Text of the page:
Skin cancer is the most commonly diagnosed cancer in the United States with an estimated 1,000,000 new cases per year. The three most common types of skin cancer are basal cell carcinoma, squamous cell carcinoma, and malignant melanoma. There are several kinds of treatment for skin cancer; the majority of these treatments are surgical. These include simple excision (cutting) and suturing (stitching), curettage and electrodessication (scraping and burning with an electric needle), and Mohs surgery (microscopically controlled excision). Occasionally, X-ray therapy is used. The method chosen depends on the size and location of the cancer, the type of cancer, and previous therapies (if the cancer is a recurrence). Melanomas are almost always treated by wide-excision. On the other hand, basal cell carcinomas and squamous cell carcinomas can be treated by any of the above methods.
Not all treatments for skin cancer are equal. Although any of the above methods can be used to treat basal and squamous cell carcinomas, Mohs micrographic surgery is by far the most superior. Mohs surgery offers the highest cure rate (up to 99%), the lowest chance of regrowth, the lowest potential for scarring and disfigurement, and the most exact and precise means of removal (only skin cancer is removed, normal tissue is spared). In 1941, Dr. Frederic Mohs first described the technique of removing skin cancers under microscopic control. Since that time, various modifications have been made, but the essential premise of the technique is unchanged; that is, to verify under microscopic control the removal of the skin cancer at the time of surgery. (This is in contrast to standard excision which relies on an outside pathology lab to verify the removal of the skin cancer. Often, the skin cancer has not been completely removed, and the patient must be subjected to a second excision). Once the skin cancer is removed by the Mohs technique, the surgeon can then safely reconstruct the defect to minimize any cosmetic disfigurement. Thus, the excision and reconstruction are all done on the same day.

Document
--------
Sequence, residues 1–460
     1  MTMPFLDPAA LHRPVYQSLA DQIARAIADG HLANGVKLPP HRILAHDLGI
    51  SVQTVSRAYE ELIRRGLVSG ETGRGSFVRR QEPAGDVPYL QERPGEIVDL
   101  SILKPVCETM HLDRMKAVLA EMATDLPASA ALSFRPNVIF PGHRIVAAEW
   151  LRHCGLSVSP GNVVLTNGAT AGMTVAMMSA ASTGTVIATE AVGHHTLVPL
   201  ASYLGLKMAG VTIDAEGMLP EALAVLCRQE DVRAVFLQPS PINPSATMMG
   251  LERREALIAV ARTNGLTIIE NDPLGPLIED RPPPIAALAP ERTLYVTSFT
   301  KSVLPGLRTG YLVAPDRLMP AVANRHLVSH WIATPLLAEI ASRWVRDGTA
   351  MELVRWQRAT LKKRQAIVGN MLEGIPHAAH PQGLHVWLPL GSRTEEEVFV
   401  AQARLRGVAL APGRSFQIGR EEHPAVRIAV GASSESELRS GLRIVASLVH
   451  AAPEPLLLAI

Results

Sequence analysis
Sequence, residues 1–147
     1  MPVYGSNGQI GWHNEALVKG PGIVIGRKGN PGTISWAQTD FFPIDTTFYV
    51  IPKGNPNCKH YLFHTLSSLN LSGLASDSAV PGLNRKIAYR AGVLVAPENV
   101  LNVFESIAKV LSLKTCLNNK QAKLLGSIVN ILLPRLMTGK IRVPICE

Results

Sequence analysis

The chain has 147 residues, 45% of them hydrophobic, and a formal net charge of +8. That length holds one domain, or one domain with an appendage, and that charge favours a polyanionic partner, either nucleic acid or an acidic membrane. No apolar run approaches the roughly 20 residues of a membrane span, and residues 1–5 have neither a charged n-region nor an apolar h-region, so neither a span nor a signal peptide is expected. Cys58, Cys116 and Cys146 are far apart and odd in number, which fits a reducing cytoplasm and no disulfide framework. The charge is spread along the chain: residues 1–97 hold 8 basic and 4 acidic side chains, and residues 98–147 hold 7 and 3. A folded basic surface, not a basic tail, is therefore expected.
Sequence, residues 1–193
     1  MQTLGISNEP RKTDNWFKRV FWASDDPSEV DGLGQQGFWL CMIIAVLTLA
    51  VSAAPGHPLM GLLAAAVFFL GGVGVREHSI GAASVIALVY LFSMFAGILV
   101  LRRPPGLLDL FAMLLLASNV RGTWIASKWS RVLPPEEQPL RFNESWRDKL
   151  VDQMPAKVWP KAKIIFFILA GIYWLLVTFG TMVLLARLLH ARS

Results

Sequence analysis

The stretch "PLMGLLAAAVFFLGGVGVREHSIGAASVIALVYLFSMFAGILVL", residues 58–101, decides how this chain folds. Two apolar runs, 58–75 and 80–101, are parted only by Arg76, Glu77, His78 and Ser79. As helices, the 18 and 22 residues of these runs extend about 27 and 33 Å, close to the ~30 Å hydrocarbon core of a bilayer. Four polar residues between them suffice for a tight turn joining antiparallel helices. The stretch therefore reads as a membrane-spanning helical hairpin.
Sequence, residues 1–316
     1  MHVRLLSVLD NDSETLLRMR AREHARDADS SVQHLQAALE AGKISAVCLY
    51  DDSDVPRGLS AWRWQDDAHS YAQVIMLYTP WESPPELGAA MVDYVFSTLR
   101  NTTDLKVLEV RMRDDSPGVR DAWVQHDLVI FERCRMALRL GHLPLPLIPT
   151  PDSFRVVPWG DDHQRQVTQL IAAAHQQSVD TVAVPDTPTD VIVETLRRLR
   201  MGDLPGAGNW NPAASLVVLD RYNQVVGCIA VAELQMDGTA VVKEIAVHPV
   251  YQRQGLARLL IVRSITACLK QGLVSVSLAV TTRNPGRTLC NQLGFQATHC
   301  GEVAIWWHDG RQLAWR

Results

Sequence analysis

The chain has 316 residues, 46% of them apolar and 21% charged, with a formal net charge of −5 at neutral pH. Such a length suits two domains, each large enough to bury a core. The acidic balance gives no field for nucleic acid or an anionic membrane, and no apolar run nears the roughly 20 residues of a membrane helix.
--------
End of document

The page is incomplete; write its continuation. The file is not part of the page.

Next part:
Mohs surgery relies on the physician serving as surgeon, pathologist, and reconstructive surgeon. The procedure starts with the administration of a local anesthetic to the area to be excised. Once the area is numb, the visible skin cancer is removed with a small margin of normal-appearing skin (this is called the first layer or stage). The tissue is then marked and mapped so that the Mohs surgeon knows the orientation of the specimen relative to the site it came from. Following processing of the tissue, it is examined under the microscope. If any of the sections contain cancer cells, the Mohs surgeon marks it on his 'map' and returns to the patient to remove an additional thin slice of tissue from the specific area where cancer cells were detected. This process is repeated until the specimens show no cancer cells. Often, it takes 2-3 stages to completely remove the skin cancer. Once the skin cancer is removed, the 'defect' is then 'repaired' or 'reconstructed' using 'plastic reconstructive' techniques (i.e. flaps and grafts); this usually involves suturing (stitching). Usually the sutures are removed one week later.
Mohs surgery is an advanced surgical technique, which is performed by specially trained dermatologists who have completed fellowship training. (Such physicians are members of the American College of Mohs Micrographic Surgery and Cutaneous Oncology.) It is performed on an outpatient basis, under local anesthesia. It is the treatment of choice when the cancer is large, the edges of the cancer are poorly-defined, the cancer is in an area of the body where it is important to preserve normal healthy tissue (i.e. eyelids, nose, ears, lips), or the cancer has failed prior treatment.